Bill Barkeley

deaf-blind adventurer, advocate, author & storyteller (public speaker)

Bill is a deaf-blind adventurer, advocate, author & public speaker (storyteller) that speaks and delivers adventure projects to inspire people around the world - disabled or not - on building a pioneering, adventuring spirit and overcoming the challenges in their lives.

Bill's work is about helping others get to a better place in this world and paying it forward in a life that has been rich and fulfilling beyond his wildest imagination.

Bill's groundbreaking climb as the first deaf-blind person to summit Mount Kilimanjaro was covered on Good Morning America.

The story was to share a personal journey about building a life within the context of your abilities and disabilities.

In Bill’s case, the journey is an inexorable march further and further into darkness and silence.

He is a pioneer with assistive technologies for the hearing impaired / deaf, the vision impaired / blind and those with dual sensory challenges -the deaf-blind.

Bill is one of 15,000 in the United States and 100,000 in the world with Usher's Syndrome which progressively robs its victims of both hearing and vision over the course of their lifetime. There are currently no treatments and cures.

See why in many ways he believes that it may be the best thing that ever happened to him.

Persevere Through Challenges

When I travel the world doing storytelling / public speaking engagements I talk a lot about that the beauty of life is the very struggle of in and day out.

It is in the midst of our struggles, that we can find our own purpose and resolve.  Struggles refine us, hone our skills and forces us to make decisions around determination, persistence, resilience and whole host of other fruits to be harvested and drawn on to sustain us when the backpack of life gets heavy.

As our rope team looks at the past 8 days hiking on the Camino de Santiago, we have struggled, had to change and adapt to what faces us (each hour and day) as we cross over the Pyrenees and the sprawling mountain ridges traversing the length of Spain.   

The difference between the possible and impossible is often found in the gifts of struggles and barriers known in such words as creativity, resourcefulness, teaming, curiosity, learning, innovation and more.

Here's how we are going up and down the never ending mountain ridges and valleys: 

It has been 90 or above just aout every day. 

Our big successes in leading and being a deaf-blind hiker have come here:



Profile of a deaf-blind perigrino

Profile of a deaf-blind perigrino

The team and the technology  

The team and the technology  

It is so hot we are getting up at 5am.  This means Bill sees nothing.  I strap on my LED lamp light and use it to see the feet of whichever person is guiding me that morning.  This is big for me to at least know what direction we are going.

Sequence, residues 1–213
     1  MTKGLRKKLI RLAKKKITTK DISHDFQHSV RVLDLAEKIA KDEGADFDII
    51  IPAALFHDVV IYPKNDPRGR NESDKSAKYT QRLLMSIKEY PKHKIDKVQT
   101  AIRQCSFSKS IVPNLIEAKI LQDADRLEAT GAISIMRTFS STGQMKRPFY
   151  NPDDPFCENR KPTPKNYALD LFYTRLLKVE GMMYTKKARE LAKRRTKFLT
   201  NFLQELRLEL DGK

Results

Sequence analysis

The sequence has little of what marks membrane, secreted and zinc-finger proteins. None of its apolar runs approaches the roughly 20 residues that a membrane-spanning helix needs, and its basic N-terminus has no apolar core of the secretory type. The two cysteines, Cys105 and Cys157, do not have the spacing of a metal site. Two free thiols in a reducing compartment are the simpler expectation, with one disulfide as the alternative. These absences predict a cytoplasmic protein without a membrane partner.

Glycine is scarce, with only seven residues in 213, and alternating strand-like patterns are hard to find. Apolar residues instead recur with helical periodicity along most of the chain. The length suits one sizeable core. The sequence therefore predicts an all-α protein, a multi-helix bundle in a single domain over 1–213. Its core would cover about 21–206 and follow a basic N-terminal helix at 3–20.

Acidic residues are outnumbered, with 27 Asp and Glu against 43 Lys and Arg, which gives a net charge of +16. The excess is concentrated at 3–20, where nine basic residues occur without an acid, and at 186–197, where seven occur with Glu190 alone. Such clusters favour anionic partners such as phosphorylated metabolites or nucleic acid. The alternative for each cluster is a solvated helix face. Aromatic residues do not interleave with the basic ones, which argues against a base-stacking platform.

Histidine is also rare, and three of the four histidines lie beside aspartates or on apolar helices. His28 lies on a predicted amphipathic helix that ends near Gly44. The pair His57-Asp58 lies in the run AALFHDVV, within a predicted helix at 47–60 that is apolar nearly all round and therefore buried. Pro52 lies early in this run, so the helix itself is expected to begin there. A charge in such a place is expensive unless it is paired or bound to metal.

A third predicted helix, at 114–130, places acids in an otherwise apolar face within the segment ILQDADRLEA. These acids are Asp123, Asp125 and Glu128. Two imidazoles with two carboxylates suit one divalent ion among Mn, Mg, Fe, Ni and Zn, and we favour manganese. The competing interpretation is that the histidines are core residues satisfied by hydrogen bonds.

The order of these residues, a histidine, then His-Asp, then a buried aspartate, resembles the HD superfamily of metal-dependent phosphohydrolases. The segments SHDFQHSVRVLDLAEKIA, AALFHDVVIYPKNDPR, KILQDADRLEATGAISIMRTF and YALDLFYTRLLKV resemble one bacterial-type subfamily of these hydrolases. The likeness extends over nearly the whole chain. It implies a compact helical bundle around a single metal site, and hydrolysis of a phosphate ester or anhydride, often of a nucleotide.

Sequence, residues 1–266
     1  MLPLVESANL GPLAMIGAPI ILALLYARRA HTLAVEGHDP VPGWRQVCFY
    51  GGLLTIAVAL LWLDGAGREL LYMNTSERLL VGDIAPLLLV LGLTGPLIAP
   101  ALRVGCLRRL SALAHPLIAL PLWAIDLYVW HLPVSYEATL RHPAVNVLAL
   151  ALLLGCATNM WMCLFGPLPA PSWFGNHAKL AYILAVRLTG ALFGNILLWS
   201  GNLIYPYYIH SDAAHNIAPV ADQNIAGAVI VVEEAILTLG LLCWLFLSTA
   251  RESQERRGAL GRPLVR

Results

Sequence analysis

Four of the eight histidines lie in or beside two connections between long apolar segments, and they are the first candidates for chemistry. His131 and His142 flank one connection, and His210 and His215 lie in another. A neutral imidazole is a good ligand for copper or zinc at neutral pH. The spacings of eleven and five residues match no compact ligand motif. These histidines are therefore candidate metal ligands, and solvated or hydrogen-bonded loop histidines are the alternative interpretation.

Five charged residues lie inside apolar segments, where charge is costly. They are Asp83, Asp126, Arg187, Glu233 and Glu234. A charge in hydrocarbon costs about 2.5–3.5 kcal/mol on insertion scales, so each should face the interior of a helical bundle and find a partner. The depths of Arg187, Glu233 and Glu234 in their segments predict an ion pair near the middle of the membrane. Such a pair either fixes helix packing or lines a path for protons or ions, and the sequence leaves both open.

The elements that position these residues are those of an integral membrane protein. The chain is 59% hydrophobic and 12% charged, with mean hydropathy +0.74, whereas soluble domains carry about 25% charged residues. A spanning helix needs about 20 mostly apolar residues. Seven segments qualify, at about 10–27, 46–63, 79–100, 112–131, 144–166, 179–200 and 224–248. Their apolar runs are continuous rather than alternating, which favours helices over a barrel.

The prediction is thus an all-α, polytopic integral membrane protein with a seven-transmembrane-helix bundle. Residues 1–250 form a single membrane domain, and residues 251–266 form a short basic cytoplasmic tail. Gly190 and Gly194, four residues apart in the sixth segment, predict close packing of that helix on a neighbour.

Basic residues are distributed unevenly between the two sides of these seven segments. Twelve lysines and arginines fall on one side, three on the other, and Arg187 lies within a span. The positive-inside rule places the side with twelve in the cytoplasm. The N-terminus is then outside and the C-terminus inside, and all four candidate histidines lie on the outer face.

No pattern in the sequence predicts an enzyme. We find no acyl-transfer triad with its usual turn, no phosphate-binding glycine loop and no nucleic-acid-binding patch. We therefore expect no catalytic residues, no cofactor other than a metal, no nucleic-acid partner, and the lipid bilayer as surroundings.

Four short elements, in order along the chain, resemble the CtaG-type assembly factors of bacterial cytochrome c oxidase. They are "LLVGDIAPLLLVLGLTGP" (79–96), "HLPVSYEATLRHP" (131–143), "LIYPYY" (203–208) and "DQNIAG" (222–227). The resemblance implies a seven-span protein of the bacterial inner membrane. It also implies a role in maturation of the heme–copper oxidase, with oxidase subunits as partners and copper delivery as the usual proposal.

On the left, Jack has a small silver microphone on his lapel. This is a #Phonak Roger mini-microphone.  When Jack (and the other guides) walks, he talks to me about about curbs, sewers, ditches, trail slope, trees, cars, bikers and his old girlfriends.  The latter information I could do without.  LOL

The #Phonak Roger microphone is a Bluetooth microphone that sends the wireless voice signal into my #Phonak Compilot - the silver device around my neck on the right.  

The signal is re-purposed and sent hands-free directly into my hearing aids.  This crystal clear voice signal is a lifeline for me when it comes to not getting hit by someone or something both on and off the trail.  


On-road trekking

On-road trekking

Sure poles take pressure off the knees,  especially when walking for 33 days.

But, there is a big story in those poles. 

Poles help me navigate and take in many sensory inputs.  Walking on a road I can glide the edge and stay on the road and fall in the the ditch that may be there.  This combined with the white line keeps me tracking without veering to the center line.   


Tough Trekking

Tough Trekking

When we get to the rough patches the poles are my stabilizers.  Instead of foot placement first, I do pole placement then the foot follows.  The rocks and scree are always shifting, so rolled ankles and leg injuries are always possible.  

As we go up, poles are securing the next level. As we go down, we are trying to not fall forward so I can tell how large of a step to take, determine the slope and pitch and make a safer downhill descent. 

In the forest, trees and branches love to find the head. I use my #Columbia Sunglasses from VSP Global to protect my eyes and I raise the poles up high above the elbow and let the poles push branches away.  The guides behind have learned to duck lest they be side-swiped! 


This adventure project is to celebrate a life-long journey with Usher Syndrome- a devastating disease that robs its victims of their hearing and vision progressively decade by decade. There are no treatments or cures.  After 33 days of hiking, my guides and I will be arriving in Santiago on September 16th in celebration of Usher Syndrome World Awareness Day.

If you are interested in supporting this project, you can go to

Thanks for reading and feel free to share with the world.